For 25 years, and with no sign of slowing, violinist Chris Murphy has made a living by writing, performing and recording original music. For Murphy, the path forward is charted by looking backward, to the troubadours and minstrels of ages past. Forget the exaggerated reports of the music industry’s demise. It’s only the record industry, a relative blip in the history of putting tones in sequence, that’s suffering. Music, and the opportunity to make a life’s work out of it, well, that’s not going anywhere. “In another era,” he says, “I would have played square dances, and loved it. I would have been a court musician in Versailles in the 17th Century, or a violinist in a circus orchestra.” For Chris Murphy, inspiration spans eras and aesthetics, but the fundamentals are the same.
Born into an Irish-Italian family near New York City, Murphy was surrounded by the disparate and eclectic sounds of his neighbours’ traditional music. “I heard and was influenced by everything – from Italian-mandolin music, to bluegrass and folk, to Latin music,” he says. Inevitably, he discovered rock ‘n’ roll, claiming still further influence from some of rock’s most adventurous and eclectic icons: Lou Reed and Ry Cooder, Bob Dylan and Richard Thompson. “My real hero,” he says, “was David Lindley. Hearing him play fiddle and lap steel with Jackson Browne – that kind of esoteric, enigmatic soloing over songs is originally what I loved.”
As he searches for new ways to communicate through music, fusing styles and techniques from across the globe – a unique fabric of world music, he calls it – Murphy finds his element on the stage, where spontaneity and improvisation reign. “To me, the music is liquid, and I’m looking to have some kind of experience.” he says. “I’ll twist and turn and hammer and mould and shape cut and paste the music to do that. We’ve never done a song the same way twice.” As ever, Murphy re-forges the past to make a new way.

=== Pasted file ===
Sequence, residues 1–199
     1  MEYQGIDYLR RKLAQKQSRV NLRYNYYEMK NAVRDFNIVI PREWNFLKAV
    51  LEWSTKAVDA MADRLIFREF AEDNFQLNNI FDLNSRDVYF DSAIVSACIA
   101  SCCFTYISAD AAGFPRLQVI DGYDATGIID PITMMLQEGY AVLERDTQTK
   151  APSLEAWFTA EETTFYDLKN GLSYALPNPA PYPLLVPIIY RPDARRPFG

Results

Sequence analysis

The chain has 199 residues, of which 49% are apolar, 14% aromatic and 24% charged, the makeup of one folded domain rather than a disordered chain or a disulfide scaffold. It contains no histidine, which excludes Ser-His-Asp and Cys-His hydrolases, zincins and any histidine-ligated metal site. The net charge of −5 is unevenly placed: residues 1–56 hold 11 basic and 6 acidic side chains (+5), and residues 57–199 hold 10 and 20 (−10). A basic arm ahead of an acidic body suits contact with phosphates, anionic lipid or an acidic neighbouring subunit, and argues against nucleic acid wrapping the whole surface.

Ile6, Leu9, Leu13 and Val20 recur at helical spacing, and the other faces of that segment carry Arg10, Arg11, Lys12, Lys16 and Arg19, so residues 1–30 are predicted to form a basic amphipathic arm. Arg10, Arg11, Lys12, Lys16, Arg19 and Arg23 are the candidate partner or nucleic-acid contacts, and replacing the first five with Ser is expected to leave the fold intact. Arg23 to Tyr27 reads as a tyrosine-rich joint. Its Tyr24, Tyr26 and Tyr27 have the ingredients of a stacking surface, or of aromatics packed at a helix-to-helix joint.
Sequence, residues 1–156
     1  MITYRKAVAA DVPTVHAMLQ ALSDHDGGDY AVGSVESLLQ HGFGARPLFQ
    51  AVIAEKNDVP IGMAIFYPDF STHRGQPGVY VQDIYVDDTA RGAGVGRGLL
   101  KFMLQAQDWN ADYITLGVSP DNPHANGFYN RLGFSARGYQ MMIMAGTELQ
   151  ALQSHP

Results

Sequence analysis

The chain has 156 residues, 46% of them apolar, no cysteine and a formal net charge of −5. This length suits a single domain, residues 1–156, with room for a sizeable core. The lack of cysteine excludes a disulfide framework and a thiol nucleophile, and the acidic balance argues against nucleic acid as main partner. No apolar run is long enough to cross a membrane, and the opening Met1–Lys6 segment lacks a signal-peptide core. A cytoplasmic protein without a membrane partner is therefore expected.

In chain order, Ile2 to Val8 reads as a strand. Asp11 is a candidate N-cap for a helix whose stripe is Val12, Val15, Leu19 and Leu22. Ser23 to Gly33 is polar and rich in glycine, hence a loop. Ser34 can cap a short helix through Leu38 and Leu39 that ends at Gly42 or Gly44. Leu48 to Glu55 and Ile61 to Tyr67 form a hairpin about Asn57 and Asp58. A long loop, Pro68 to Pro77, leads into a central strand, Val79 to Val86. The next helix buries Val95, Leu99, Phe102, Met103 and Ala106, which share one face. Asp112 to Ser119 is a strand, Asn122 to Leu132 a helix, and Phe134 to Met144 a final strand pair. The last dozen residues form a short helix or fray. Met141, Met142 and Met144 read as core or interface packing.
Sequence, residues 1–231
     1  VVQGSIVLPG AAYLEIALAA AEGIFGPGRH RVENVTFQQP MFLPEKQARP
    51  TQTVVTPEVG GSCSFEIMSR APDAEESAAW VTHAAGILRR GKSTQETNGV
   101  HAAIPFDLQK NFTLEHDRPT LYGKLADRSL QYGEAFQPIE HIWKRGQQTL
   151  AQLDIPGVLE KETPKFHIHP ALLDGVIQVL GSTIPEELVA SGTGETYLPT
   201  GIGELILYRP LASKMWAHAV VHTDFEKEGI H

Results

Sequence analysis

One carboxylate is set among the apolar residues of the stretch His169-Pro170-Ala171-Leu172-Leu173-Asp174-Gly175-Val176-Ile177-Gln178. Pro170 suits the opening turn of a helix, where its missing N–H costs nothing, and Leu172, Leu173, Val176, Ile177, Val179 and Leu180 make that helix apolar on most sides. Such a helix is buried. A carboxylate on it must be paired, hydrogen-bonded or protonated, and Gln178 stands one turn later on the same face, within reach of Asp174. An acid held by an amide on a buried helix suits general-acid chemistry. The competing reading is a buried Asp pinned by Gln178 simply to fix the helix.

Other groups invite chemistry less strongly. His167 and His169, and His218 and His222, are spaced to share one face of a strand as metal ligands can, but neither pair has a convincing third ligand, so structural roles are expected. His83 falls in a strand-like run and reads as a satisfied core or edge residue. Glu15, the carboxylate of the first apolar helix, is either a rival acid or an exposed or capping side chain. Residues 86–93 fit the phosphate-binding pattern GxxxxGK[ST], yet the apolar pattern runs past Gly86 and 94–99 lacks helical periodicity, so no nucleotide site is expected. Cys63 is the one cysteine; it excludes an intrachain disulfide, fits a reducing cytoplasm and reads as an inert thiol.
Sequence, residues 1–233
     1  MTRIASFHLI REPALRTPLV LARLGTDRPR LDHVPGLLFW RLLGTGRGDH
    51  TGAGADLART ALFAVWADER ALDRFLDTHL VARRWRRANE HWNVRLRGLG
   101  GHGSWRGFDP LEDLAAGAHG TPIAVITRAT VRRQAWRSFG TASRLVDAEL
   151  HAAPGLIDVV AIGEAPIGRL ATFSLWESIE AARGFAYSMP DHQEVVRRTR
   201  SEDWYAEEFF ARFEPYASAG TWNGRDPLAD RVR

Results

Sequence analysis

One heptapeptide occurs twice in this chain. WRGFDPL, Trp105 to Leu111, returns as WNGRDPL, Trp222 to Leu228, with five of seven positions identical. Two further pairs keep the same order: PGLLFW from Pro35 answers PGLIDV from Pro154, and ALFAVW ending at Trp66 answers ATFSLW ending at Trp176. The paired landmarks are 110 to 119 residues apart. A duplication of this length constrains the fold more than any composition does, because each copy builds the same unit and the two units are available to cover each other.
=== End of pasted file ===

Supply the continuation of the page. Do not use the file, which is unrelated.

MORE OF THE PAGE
Violinist and songwriter Chris, known widely and well to his fellow Los Angelenos, Seattle-ites and New York denizens alike, has been stoking his distinctive alchemy of Celtic, gypsy, jazz, roots and post-punk music over the course of some dozen original and acclaimed albums. He’s earned plaudits from roots, indie and acoustic-centric outlets alike. No Depression, the vaunted journal of roots music exclaimed:
“9 out of 10 stars! Track after track, Murphy shows why he is one of the best songwriters in popular music and unjustly flying under the mainstream radar.” (Red Mountain Blues review).
Murphy’s latest album of fresh original material, the bracing ten-song live solo set Hard Bargain, finds him back in the sweet spot between J.J. Cale and John Cale, Vassar Clements and Chris Whitley, conjuring the Irish rebellion of 1798 to a jugular jig in ‘The Caves of Killala’; chasing the spirit of Charlie Patton on the plaintive ‘Trust’; investigating the intrigue of a 19th-century murder ballad on ‘Holcombe Creek’ and shuffling in the groove between Springsteen and Chuck Berry on the jump-blues ‘Last Bridge’. Is it possible to suggest the avant-surf echoes of Tom Verlaine’s Television can coexist with a violinist’s take on White Stripes-style garage-blues? In Murphy’s world, it certainly can.
Recorded on a rainy night at a small theatre in Boise, Idaho, with just Murphy’s insistent foot stomp and tales of gun-running, insurrection and doomed miners to accompany his fiddle, you’d be forgiven for thinking that time had stopped; the violin, especially in able hands that suggest gypsy divination, has always had a preternatural way of fusing the past with the present. But with Murphy’s own postmodern approach to those antique rhythms and the storytelling instinct that drives these rustic tales, the effect may be as much to foretell the future as to celebrate the past.
Artist’s website: www.chrismurphymusic.com
‘Cape Horn’ – official video: